Wednesday, March 25, 2009

Extensions Methods In Java!


I just added extension methods to java. It's a bit of a hack, but a small bit. (you need to replace the java.lang.Object class)

First, the hack, download and follow the instructions in the readme file of

Now you can run this test successfully...

package com.spun.util.extensions.tests;

import junit.framework.TestCase;

public class ExtensionsTest extends TestCase
public static class MyStringUtils extends ExtendableBase<String>
public String removeVowels()
StringBuffer b = new StringBuffer();
for (Character c : caller.toCharArray())
switch (c)
case 'a' :
case 'e' :
case 'i' :
case 'o' :

case 'u' :
default :
return b.toString();
public void testname() throws Exception
String name = "Hello World".use(MyStringUtils.class).removeVowels();
assertEquals("Hll Wrld", name);

Pay extra attention to this line:

"Hello World".use(MyStringUtils.class).removeVowels();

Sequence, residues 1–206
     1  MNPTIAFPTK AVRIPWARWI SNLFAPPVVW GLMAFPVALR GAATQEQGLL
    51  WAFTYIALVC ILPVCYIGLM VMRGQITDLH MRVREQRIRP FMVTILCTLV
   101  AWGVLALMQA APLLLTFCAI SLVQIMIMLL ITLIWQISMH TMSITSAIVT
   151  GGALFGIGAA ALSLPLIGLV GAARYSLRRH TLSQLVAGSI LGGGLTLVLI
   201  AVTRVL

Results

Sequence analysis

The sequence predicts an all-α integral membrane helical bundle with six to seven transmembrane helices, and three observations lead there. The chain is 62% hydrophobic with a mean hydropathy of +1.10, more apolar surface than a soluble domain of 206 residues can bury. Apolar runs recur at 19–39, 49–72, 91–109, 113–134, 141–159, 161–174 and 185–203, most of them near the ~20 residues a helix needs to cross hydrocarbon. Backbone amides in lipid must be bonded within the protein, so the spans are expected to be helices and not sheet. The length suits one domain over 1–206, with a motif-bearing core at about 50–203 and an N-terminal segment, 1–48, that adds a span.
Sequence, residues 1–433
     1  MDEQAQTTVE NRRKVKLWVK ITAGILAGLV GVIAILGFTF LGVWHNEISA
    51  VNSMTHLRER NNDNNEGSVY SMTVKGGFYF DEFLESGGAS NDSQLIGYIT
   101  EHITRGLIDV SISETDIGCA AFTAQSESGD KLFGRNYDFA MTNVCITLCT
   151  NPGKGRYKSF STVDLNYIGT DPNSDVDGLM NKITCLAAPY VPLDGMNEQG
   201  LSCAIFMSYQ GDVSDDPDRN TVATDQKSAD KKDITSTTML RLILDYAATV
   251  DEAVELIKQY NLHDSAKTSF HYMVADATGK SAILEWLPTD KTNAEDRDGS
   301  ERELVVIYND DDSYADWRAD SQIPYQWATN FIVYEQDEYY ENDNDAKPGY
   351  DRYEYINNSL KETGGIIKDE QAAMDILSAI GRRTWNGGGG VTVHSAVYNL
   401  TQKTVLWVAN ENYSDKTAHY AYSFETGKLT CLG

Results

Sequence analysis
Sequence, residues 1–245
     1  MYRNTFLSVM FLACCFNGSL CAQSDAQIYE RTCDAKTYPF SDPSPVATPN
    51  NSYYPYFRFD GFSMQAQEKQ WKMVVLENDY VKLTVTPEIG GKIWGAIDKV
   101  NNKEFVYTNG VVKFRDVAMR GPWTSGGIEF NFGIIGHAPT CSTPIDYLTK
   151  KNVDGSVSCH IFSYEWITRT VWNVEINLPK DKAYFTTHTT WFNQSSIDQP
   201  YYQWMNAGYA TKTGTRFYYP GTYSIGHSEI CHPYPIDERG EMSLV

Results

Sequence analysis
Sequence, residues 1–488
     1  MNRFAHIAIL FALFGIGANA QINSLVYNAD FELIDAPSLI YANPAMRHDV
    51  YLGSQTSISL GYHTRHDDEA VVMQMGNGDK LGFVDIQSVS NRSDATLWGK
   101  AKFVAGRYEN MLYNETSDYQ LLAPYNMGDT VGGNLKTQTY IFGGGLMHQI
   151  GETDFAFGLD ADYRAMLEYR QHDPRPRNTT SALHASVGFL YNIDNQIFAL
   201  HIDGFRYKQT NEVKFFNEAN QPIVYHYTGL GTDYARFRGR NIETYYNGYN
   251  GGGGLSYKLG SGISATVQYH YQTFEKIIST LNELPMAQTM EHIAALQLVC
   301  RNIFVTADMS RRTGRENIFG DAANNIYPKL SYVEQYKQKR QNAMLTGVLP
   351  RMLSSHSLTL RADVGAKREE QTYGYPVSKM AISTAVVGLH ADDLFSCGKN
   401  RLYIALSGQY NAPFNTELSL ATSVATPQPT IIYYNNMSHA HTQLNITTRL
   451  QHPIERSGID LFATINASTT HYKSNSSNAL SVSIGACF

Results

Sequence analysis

What's more: this use of extensions doesn't have name spacing issues, nor does it pollute all of your objects. It's IDE friendly supporting both code completion and quick fixes!

As a side note, if generics were done better, I would like it to be:

"Hello World".use<MyStringUtils>().removeVowels();

But this is available now! I'll blog more on it tomorrow, but I am very excited about it.

Saturday, January 10, 2009

That which is measured gets done.

The other day at my Letip meeting one of our members, Mikel Bruce, gave a great talk on goal setting.

One of the things he mentioned, which I particularly liked, was a tool called an awareness sheet. The idea is simple, write down all the things you want to do each day: exercise, eat diner as family, limit tv watching, floss etc… then at the end of each day, you check off what you’ve done

The important part here though isn’t in checking off what you’ve done. This is why you don’t check it off as you do it. The important part is the awareness of what you haven’t done. The benefit here is that it isn’t penalizing you for not doing it. It’s not like you have to do everything every day. It’s just making you aware of what you want to do, and if you’re doing it. However, this awareness will help you to actually do it.

Think of it as a small commercial, every night, reminding you what you want. Here’s a small picture of a sample month.

In the end, it's just measuring the habits you want. I'm also finding this useful for events. For example, an presentation awareness sheet. Just to keep me aware of all the details I want to improve when speaking.